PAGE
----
The Ten most Enjoyable Cities in the United States


Want to live your American dream? Here is the ranking of the ten cities of the United States the most pleasant to live, prepared by the magazine U.S. News & World Report.

Cost of living, proximity to quality schools, safety, transportation, easy accommodation … U.S. News & World Report magazine has met many criteria to establish its ranking of cities where life is good in the United States. Here is the top 10.

( Photo : Flickr )

The capital of Utah, a state in the center-west of the United States, has 2.3 million inhabitants, including its metropolitan area. It is one of the most snow-laden cities in the country, which is also an advantage: there are many ski resorts nearby. It is a very green city where there are many parks. Main tourist site: Temple Square, a 40,000-square-foot complex of gardens and buildings belonging to the Church of Jesus Christ of Latter-day Saints (Mormons).

  • 9 : Des Moines, Iowa

    (Photo : Katie Haugland Bowen/Flickr)


Des Moines, 600,000 inhabitants only, is the city of banks and insurance companies. Said like that, it’s moderately attractive. However, the millenials (15-30 years) plebiscite for its covered walkways that can walk the city on foot (rare in the US!), Vintage shops, bars …

  • 8 : Boston, Massachussets

( Robbie Shade/ Wikipedia )

Located halfway between New York and the Canadian border, Boston is a coastal city with a population of 4.7 million. It draws in particular through its colonial historic center to the old cobblestone streets.

  • 7 : Raleigh-Durham, North Carolina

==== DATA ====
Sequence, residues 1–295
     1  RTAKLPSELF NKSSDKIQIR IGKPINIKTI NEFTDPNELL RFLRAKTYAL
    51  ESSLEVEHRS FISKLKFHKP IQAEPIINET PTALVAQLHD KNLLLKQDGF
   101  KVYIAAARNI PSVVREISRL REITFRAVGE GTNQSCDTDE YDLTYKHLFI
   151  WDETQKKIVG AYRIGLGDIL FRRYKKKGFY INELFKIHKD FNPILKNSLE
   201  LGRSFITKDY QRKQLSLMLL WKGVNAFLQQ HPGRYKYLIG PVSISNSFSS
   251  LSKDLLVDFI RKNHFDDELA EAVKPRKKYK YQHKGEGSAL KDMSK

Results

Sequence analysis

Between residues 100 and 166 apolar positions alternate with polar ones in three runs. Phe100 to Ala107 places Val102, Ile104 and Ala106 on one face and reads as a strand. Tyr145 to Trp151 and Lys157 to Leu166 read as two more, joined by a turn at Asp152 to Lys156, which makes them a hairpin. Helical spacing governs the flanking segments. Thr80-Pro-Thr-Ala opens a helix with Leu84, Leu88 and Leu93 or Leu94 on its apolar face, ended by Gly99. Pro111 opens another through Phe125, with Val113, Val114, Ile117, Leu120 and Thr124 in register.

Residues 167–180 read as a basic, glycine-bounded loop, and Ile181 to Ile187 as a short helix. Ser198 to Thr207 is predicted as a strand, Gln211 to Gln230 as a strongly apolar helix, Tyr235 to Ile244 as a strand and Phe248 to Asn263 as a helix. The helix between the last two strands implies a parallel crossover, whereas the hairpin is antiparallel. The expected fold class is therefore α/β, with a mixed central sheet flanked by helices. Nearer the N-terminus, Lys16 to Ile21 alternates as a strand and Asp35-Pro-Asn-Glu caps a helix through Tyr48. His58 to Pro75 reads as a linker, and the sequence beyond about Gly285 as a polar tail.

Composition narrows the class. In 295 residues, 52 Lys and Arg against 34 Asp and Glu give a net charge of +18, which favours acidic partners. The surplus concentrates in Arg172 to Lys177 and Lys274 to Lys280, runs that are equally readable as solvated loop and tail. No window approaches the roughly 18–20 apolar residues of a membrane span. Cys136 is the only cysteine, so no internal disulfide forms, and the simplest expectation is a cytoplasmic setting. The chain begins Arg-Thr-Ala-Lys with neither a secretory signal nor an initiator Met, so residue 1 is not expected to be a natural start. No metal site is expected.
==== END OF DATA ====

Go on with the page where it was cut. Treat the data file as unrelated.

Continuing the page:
( Photo : Mark Turner/ Wikipedia )

It is not strictly speaking a city, but a very economically dynamic region, called the Triangle. It has 1.7 million inhabitants and is constantly gaining. Local employers are called IBM, Cisco Systems, SAS Institute … Tourism is perhaps not its strongest point.

  • 6 : Seattle, Washington

( Photo : Manleyaudio / Flickr )

Nestled between the Pacific and the mountains, this agglomeration of 3.6 million inhabitants, undeniably has a small side bobo: nature nearby (and wild), jobs in health and high-tech … It is also a city industrial, with the presence of Boeing.

  • 5 : Fayetteville, Arkansas

( Photo : Brandonrush / Wikipedia )

City of 500 000 inhabitants, it is at the foot of the Ozark Mountains. In two words: wild and beautiful. The city is growing rapidly. This is where the headquarters of Walmart, the US supermarket giant, is located.

  • 4 : Washington DC

( Photo : Library of Congress )

With nearly 6 million inhabitants, the US federal capital is seduced by its historic buildings, old neighborhoods and parks. It’s also a busy city, not just in the White House.

  • 3 : San Jose, California

( Photo : Tim Wilson/Wikipedia )

This agglomeration of nearly 2 million people is considered the capital of Silicon Valley. Suffice to say that employers side as prestigious universities, this sector is well endowed. The city has many parks and tourist attractions.

  • 2 : Denver, Colorado

( Photo : Pixabay )

300 days of sunshine a year … That’s an argument, right? The city (2.7 million inhabitants) is at the foot of the Rockies. Ski resorts are an hour away. It is a very lively city, famous for its micro-breweries. Since 2012, she has licensed cannabis, which is fueling a very lucrative business.

  • 1 : Austin, Texas

( Photo : Argash/Wikipedia )

The Texas capital (1.8 million) attracts 50 new residents every day. It presents itself as the city of music (150 venues and lots of big festivals!), Open spaces and culture, including the Blanton Museum of Art (17,500 works on display). But Austin is also home to famous companies like Dell, Apple, IBM, Hewlett-Packard or Texas Instruments. It is nicknamed Silicon Hills, in reference to its rival Silicon Valley.


About Dawn Richard

In addition to writing for NextColumn, Dawn Richard contributes to other publications including Sensiblereason and Natural News. He studied Computer Science and Journalism at Boston University, and also worked in BBC as well as in the public sectors.

View all posts by Dawn Richard →

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